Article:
I spoke with former crew member “Doctor” Don Beyer recently and he shared with me the following story. I will do my best to describe it as accurately as possible, but I’m going off memory here from that conversation.
I apologize if there are inaccuracies in this story, but I will do my best.
As the team was headed to their next race in the Tri-Cities (Washington State) in late July of 1981, The Squire Shop team brought with them 3 engines for the weekend. After damaging their primary one early on during the weekend, and then soon afterwards damaging the other two engines as well along the way……..…the team was in need of another motor………and fast. Of the three that were damaged, the crew quickly took to trying to make one working engine out of the parts that were still usable…….but they also needed another spare, just in case.
There was such a motor still available in the teams arsenal, but it was at the team shop in Seattle (Squire building, across from modern day Century Link Field). This motor was reduced to being used only as a “test” motor and was NEVER intended to be used in the boat during a race. It was strictly a engine created from parts that were still salvageable, but were declared unfit for an actual racing motor. This “test” motor was given the nickname “ACNE” by the crew, due to its questionable parts qualities and extended/overused lap usage hours. I was told that this motor was used for over 60+ laps, but it still “technically” worked. The team had decided to make the switch to Bardahl brand oil due to recent engine failures from the previous Pennzoil brand, and they desperately needed a motor that would hold together……regardless of its condition.
“A ticking time bomb” comes to mind first, right?
The decision was made to travel back to Seattle from Tri-Cities to pick up the motor so the team could use it for Tri-Cities just in case they needed it. The challenge was trying it put it into a horse trailer so they could get it back to the pits in time, while it was to be hauled back by a beat up motor home. The trick was to find a way of getting it inside the horse trailer, as a crane was not an option due to the trailer having a roof on it. But as Don put it to me, they “found a way” and got it done……with some “help” from an old Volkswagen Beetle that also acted as a “tool” to push the engine into the trailer.
“ACNE” was put into the boat and it stayed together enough to surprisingly qualify for the final heat (July 27, 1981). The crew asked Chip Hanauer sometime before the final heat if he wanted them to change the motor out and put in the other one, which the crew felt was a much better engine and gave them a more realistic chance at competing against the Atlas Van Lines and Miss Budweiser teams.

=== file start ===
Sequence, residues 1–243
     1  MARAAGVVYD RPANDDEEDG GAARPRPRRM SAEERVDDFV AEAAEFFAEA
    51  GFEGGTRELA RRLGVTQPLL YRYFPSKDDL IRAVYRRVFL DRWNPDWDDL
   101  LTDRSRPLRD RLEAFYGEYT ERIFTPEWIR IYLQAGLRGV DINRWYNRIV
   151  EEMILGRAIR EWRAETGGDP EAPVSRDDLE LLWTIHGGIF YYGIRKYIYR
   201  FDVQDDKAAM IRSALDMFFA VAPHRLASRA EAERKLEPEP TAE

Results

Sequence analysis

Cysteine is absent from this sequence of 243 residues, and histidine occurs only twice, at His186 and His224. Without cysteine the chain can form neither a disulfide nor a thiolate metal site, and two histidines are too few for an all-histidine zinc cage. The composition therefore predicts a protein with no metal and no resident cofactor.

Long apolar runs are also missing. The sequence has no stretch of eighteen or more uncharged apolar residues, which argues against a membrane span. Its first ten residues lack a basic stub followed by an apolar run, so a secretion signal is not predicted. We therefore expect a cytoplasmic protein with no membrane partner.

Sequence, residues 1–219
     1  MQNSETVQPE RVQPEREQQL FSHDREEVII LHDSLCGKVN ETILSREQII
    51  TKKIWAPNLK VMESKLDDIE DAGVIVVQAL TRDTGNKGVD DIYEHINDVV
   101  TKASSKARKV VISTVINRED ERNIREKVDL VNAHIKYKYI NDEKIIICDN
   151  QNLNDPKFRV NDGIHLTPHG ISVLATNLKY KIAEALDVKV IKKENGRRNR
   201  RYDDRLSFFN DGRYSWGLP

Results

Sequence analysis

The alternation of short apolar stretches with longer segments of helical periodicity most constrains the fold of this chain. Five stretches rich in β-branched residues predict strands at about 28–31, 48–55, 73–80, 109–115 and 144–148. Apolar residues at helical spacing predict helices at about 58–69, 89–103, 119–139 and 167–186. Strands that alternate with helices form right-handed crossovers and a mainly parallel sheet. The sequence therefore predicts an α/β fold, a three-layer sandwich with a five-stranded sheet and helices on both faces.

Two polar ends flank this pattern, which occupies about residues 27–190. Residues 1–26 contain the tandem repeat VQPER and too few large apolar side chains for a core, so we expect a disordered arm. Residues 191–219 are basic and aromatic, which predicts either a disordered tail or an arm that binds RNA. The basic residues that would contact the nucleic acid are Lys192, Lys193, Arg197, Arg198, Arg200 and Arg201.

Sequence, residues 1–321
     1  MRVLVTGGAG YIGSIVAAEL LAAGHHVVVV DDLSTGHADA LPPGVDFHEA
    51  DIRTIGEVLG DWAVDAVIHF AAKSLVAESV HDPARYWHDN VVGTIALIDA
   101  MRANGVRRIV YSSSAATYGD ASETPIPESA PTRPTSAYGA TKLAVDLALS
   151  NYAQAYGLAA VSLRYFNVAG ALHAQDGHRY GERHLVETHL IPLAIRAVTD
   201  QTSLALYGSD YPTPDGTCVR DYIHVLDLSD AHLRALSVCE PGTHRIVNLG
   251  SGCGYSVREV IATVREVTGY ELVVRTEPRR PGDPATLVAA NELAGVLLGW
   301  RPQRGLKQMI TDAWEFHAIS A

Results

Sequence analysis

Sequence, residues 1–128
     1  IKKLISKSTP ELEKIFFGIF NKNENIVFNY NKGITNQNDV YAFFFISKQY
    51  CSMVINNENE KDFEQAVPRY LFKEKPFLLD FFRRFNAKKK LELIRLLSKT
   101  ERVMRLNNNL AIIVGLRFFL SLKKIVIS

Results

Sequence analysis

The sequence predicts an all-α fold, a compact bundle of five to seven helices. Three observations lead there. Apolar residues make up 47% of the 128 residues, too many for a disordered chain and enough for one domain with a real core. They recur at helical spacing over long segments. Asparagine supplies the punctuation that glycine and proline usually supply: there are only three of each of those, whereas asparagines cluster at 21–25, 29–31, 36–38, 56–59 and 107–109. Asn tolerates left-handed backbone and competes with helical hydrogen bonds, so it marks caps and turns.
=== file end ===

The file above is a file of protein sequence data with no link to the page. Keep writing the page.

Chip made the decision to stick with “ACNE” one more time and let fate decide what would happen next. Although the crew didn’t object to chip’s request, they simply smiled and “went to lunch”. “ACNE” remained in the boat for the final heat and everyone hoped it wouldn’t blow up during the process.
Now most every hydroplane fan out there knows about Chip’s “come from behind” victory a year later at the 1982 “Gold Cup”, right? This is where Chip sneaked up on Dean Chenoweth in the “Griffon” Miss Budweiser (driving the Atlas Van Lines) in one of the more dramatic and exciting final heats of all time.
Well, this sort of happened in simular fashion a year prior in The Squire Shop…………….but on a less “glorified” scale than the 1982 version. Chip basically did the same thing here, except he also had Bill Muncey to contend with as well.
Don tells me that he installed 6 bottles of Nitrous Oxide in the boat and that Chip used every drop in that final heat. After Bill Muncey and the Atlas Van Lines went dead on the race course due to engine failure of their own, Chip set his sights on reeling in Dean and the Miss Budweiser. And at the last few seconds of the final heat, Chip snuck out in front of the unsuspecting “Griffon” Budweiser and claimed the victory!
The ironic part of this is that the “ACNE” motor blew a head gasket just as it crossed the finish line and the boat had to be towed back into the dock. The motor had indeed blow up as expected, but it did so AFTER it had claimed the victory for The Squire Shop team.
Here is a picture of Don kissing “ACNE” immediately after the win, with Larry Stenbakken in the background (blonde hair). Brenda Jones had brought some flowers over to the team as a salute to the teams accomplishment, which were then placed into the exhaust…………………and you can see the water pouring out of the engine in the picture if you look close enough.
So for a motor that had no business being in a hydroplane……..let alone in actual racing conditions……………..it proved that it had one last hurrah left in it.
The little engine that could, somehow found magic in a bottle………..if only for that one special moment in time. Ahh………….good times indeed. Gary
Here's a link to the actual story of the race itself. http://www.tri-cityherald.com/sports/other-sports/hydro-racing/article31739562.html